AAA, addresses, adventure, Canada, Dad, danger, direction-finding, Driving, driving conditions, emergency supplies, freeway, GPS, hunting, lost, road conditions, sense of direction, snow, stories, winter
I don’t enjoy driving. Just the idea of strapping yourself into a tin can and shooting along a narrow pathway at seventy-plus miles an hour, all the while keeping watch out your mirrors for the other cars (and don’t forget potential debris in your lane), is unnerving. Let’s not even mention that road conditions often render a seemingly harmless drive into a roulette of death. Rain, sleet, hail, snow, ice and wind all attack with great ferocity. At certain times of the day even the lovely golden sun blinds you and keeps you from seeing where you’re going. But if I dig deep for the truth, the real reason I don’t like to drive is that I don’t have a good sense of direction.
I know people who can close their eyes and accurately point to any direction. My dad was such a person. He always knew where he was. He could go to a place once, and years later he’d go straight there again. He once told me the story of going hunting with some friends out in the wild Canadian north. They made camp and set out to find a deer. After hours of tramping through the snow, they were cold, wet, and tired, so they decided to return to camp. The other men started in one direction, but Dad said, ‘Hey, you’re going in the wrong direction, it’s that way.’ When they began to argue with him, Dad said, ‘I bet that I can get back to camp before you.’ They agreed on the amount of money, shook hands, and took off. Within a short time Dad was back at camp, warming himself at the fire and heating up his dinner. Hours later, the three other men stumbled into camp. Dad grinned and held out his hand. The others grudgingly declared him the winner and handed over their cash.
Unfortunately, I didn’t inherit Dad’s direction-finding gene. My children could tell countless stories of the times we set out to a particular destination and got lost. Their favorite saying was, ‘We’re lost in Vista!’ Each time we got in the car was a potential adventure. I learned to carry maps, water, snacks, and the phone numbers for my husband and AAA. Even with the preparation of looking up my destination and drawing maps for myself, there was no guarantee I would find the place.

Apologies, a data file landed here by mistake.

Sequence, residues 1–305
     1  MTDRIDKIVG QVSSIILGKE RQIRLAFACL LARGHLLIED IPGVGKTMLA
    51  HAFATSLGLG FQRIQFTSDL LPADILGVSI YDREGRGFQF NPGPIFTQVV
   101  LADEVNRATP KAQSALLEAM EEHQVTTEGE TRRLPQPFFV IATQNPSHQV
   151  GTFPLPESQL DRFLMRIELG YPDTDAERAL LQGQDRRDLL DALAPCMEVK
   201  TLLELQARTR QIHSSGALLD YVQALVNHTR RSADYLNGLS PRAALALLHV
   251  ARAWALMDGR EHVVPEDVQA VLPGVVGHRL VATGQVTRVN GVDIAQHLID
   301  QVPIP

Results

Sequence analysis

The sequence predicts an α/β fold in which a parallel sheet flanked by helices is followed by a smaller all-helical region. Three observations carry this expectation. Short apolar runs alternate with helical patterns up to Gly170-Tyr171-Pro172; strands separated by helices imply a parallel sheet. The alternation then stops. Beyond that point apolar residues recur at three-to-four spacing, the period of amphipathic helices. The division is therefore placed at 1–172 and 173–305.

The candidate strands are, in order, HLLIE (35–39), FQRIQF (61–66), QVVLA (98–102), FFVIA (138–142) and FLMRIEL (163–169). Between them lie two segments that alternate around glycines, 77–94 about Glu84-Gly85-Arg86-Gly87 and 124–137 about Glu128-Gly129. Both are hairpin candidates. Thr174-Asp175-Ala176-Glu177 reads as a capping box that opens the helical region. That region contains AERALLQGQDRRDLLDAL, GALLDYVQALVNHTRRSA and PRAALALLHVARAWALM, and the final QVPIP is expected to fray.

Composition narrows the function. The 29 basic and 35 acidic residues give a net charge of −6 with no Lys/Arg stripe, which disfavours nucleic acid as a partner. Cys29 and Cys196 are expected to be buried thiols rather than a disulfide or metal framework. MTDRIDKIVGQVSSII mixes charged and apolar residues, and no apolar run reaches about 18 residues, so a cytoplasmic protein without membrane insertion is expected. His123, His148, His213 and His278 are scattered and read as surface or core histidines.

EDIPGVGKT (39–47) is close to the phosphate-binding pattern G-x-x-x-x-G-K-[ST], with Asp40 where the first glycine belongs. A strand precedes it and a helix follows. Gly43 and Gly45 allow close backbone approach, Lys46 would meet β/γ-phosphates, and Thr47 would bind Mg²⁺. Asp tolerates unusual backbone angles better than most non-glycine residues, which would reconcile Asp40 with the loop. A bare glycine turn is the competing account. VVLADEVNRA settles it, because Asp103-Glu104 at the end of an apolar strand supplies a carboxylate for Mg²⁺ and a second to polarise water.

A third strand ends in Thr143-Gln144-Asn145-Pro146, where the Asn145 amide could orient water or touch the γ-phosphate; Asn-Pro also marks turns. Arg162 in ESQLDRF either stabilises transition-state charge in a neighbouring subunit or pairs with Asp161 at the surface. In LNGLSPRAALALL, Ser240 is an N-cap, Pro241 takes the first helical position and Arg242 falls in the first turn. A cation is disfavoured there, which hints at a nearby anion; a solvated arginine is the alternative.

I still have trouble finding my way. You may wonder why I just don’t rely on the latest great technology, the GPS. Well… (cough, cough) the GPS in my car (not so fondly named Gertrude) hates me. Every time I try to program a destination, I mess it up. First, Gertrude won’t accept addresses as I type them. She has to keep guessing what I’m going to type. Finally, I succeed in getting the address into the system, and we set out. Gertrude reminds me (in that snobby voice of hers that proclaims her superiority) that we are driving on the freeway. Yes, I really can tell that. I find my exit. Hurray for large overhead signs. Then Gertrude says, ‘In two hundred feet, make a right turn onto Wilderness Way.’ I peer anxiously out the window. There are three roads curving off to the right, all jammed with cars. I can’t read the road signs. In a panic, I take a wild guess and turn right. Gertrude says in a loud, grating voice, ‘You are going the wrong way. Make a u-turn at the next intersection and get back on the 158. No, you idiot, not that way. Now you’re going completely in the wrong direction. Get off this road, and go back to the other one Right Now.’ Unfortunately there is no way I can turn here. Finally, I find a place to turn. Sweat rolls off me, and my heart is pounding. Cars speed by and honk angrily at me. I head in what I think is the right direction, only to have Gertrude tell me, ‘Not that way! You are once again Going the Wrong Direction. How did you get a driver’s license?’ Somehow, through many twists and turns, all the while enduring loud, rude comments from Gertrude, I make it to my destination. Hours later, I am back home. I heave a sigh of relief, put the car in park, and open the door. ‘The door is ajar,’ Gertrude tells me. “Shut up,” I tell her. “The door is just a door, and you are a lousy navigator.” I yank the keys out of the ignition, grab my purse, and stumble wearily into the house. I call, “Anybody here know how to disable a GPS system?”
I really hate to drive.